Post-traumatic stress disorder (PTSD) is a mental health condition that a person can develop after experiencing a horrifying event such as violent crisis, armed robbery, bombing, rape, or a severe automobile accident. Formally, PTSD consists of a protracted response to an extremely stressful or threatening event [3]. Post-traumatic stress disorder (PTSD) is an abnormal response to an event outside the scope of a person’s normal process of comprehension. The PTSD diagnosis was originally developed to characterize the psychological reactions of combat veterans after many of them returned home from war [4].

Several factors have been found to play significant roles in suicidal ideation and this phenomenon cuts across individuals irrespective of age, gender, ethnicity, race, academic performance or even social status. Suicide and suicidal behaviors are both national global phenomena. Suicidal behavior, ranging from suicidal ideation to suicidal acts such as para suicide, attempted suicide and completed suicide, is widely pervasive and has reached critically wide-ranging proportions [5,6].

Similarly, research has shown that sexual violence has been on the increase over the last decade. For example, Christian Women for Excellence and Empowerment in Nigeria Society (CWEENS) documented 446 cases of sexual and gender-based violence (SGBV) from January 2015 to December 2016 in Plateau state alone. Out of the 446 cases documented, 29% (129.34) were sexual violence cases out of which 24% (107.04) were rape cases [7].

These startling rates of suicide and sexual violence in Nigeria as well as literature gaps motivated the current study on self-esteem, post-traumatic stress disorder and suicidal ideation among victims of sexual violence.

Self-esteem and suicidal ideation

Self-esteem has also been linked with PTSD. For instance, scientists reported [8] that uncertainty about self-worth predisposes to negative mood states leading to the probability of suicidal acts [9]. Examined whether explicit and implicit self-esteem, the interaction between these two constructs and their discrepancy are associated with depressive symptoms, suicidal ideation and loneliness. They found that the interaction of implicit and explicit self-esteem was associated with suicidal ideation, indicating that participants with high implicit self-esteem combined with a low explicit self-esteem showed more suicidal ideation.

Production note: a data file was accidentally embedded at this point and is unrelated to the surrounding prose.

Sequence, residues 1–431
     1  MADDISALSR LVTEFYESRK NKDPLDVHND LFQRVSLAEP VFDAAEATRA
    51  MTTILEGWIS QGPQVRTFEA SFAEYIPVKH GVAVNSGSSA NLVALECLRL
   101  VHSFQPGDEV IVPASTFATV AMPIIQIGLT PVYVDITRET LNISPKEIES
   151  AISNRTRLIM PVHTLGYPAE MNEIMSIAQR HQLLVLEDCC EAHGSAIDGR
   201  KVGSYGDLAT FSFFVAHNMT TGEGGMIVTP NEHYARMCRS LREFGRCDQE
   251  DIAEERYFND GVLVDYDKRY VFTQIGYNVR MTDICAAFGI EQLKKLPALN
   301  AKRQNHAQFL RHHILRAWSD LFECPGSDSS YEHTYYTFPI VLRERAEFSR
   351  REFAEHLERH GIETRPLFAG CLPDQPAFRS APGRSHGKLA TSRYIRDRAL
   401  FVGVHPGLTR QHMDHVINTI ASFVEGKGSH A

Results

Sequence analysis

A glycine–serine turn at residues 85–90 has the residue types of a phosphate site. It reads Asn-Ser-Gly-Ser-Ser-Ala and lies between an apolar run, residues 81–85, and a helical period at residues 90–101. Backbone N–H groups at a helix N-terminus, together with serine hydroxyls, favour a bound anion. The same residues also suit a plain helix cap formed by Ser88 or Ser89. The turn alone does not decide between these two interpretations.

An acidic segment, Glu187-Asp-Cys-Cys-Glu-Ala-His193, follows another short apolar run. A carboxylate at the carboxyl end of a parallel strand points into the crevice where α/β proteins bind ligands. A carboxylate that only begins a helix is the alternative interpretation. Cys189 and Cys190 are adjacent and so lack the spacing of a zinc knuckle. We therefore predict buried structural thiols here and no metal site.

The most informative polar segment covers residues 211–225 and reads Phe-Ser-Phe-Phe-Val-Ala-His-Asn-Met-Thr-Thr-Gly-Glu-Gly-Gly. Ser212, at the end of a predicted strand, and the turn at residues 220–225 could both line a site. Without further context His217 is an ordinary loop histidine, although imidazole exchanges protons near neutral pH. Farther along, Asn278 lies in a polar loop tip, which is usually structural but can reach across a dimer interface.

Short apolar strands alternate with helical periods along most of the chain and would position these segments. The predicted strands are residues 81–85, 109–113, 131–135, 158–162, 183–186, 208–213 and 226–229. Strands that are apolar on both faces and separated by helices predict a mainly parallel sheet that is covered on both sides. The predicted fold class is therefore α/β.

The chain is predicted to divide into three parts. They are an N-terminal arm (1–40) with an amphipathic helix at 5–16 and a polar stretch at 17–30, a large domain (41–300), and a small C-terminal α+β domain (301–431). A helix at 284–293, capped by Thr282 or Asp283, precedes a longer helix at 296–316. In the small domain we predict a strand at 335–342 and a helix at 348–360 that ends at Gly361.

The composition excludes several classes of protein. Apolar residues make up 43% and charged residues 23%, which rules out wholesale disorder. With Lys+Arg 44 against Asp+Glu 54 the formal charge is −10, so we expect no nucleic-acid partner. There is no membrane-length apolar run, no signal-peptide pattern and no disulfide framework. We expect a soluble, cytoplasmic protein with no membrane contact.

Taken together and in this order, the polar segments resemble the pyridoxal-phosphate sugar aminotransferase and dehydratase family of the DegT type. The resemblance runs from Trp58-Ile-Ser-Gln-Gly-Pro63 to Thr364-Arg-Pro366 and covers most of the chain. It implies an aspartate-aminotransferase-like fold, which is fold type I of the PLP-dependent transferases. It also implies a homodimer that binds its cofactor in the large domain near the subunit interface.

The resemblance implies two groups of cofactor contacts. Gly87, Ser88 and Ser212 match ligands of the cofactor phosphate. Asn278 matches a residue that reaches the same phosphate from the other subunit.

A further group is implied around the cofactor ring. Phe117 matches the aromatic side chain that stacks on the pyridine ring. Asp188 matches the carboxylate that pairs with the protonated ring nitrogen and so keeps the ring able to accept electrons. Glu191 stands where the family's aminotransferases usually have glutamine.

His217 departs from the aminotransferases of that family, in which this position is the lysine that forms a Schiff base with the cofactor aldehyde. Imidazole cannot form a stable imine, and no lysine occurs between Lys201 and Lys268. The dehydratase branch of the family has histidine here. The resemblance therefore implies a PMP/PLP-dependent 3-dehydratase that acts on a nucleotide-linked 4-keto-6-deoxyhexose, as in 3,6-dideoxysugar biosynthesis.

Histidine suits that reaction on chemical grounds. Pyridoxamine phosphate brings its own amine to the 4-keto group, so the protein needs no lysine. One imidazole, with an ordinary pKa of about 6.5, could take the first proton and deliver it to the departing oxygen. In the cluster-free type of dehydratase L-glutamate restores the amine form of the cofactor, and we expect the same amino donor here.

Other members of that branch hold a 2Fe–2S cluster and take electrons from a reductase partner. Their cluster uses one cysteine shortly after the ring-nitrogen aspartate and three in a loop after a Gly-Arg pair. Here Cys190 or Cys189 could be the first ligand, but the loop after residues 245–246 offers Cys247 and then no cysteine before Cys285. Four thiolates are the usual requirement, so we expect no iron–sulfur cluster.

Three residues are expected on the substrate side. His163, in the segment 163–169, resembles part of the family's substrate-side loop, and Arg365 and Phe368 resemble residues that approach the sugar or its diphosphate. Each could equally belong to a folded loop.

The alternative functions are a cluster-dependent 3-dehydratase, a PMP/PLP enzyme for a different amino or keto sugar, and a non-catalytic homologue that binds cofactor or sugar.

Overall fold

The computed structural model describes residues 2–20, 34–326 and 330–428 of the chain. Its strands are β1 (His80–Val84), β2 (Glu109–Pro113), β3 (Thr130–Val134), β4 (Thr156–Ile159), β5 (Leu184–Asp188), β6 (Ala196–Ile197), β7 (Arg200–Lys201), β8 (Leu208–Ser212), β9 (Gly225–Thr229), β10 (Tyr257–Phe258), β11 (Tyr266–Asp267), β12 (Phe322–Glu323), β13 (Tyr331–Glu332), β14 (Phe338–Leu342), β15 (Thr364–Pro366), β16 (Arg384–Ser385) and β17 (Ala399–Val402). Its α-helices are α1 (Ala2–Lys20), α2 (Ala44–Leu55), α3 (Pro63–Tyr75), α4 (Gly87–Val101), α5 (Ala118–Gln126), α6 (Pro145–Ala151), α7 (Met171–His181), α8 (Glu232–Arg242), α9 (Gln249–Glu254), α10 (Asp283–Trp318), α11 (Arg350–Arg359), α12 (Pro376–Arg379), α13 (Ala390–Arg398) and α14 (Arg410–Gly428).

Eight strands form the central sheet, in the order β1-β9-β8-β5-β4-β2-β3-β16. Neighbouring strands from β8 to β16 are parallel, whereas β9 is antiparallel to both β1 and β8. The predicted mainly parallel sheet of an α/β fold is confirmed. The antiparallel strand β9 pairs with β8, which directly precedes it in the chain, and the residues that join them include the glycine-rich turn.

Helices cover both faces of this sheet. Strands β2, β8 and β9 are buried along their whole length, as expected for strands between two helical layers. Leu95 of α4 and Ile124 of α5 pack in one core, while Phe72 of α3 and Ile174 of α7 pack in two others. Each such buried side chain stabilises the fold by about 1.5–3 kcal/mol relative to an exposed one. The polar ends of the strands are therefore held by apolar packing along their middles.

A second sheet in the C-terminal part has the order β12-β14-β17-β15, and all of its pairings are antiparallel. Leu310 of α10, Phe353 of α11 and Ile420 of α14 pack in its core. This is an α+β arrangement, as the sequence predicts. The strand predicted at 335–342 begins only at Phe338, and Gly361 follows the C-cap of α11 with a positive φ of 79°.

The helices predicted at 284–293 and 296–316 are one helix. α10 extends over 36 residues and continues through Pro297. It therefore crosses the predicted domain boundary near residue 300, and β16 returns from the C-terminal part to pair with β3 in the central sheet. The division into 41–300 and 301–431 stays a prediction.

In a recent research on the influence of self-esteem on suicidal ideation among university students in Nairobi County, it was found that [10] there is a close relationship between self-esteem and suicidal ideation. Scientists reported [11] in a study of suicidal ideation among adolescents that low self-esteem group scored higher on suicidal ideation scale (M = 49.51) as compared to moderate self-esteem group (M = 47.09) and high self-esteem group (M = 39.49). This suggests that persons with low self-esteem are much more vulnerable to suicidal indulgence than the persons with higher self-esteem.

Post-traumatic Stress Disorder and Suicidal Ideation

In the last 10 years, Nigerians have been living in apprehension and perpetual trauma as a result of the menace of the insurgency that has bedeviled the country since the year 2009. It will not be out of place to say that Nigerians have suffered different degrees of trauma as a result of this. A lot of Nigerians have been directly affected by violence thereby experiencing trauma at first degree, others have watched other people suffer violence resulting in second degree trauma; yet others have listened to other people narrate their experiences or other people’s experience of violence, resulting in third degree trauma.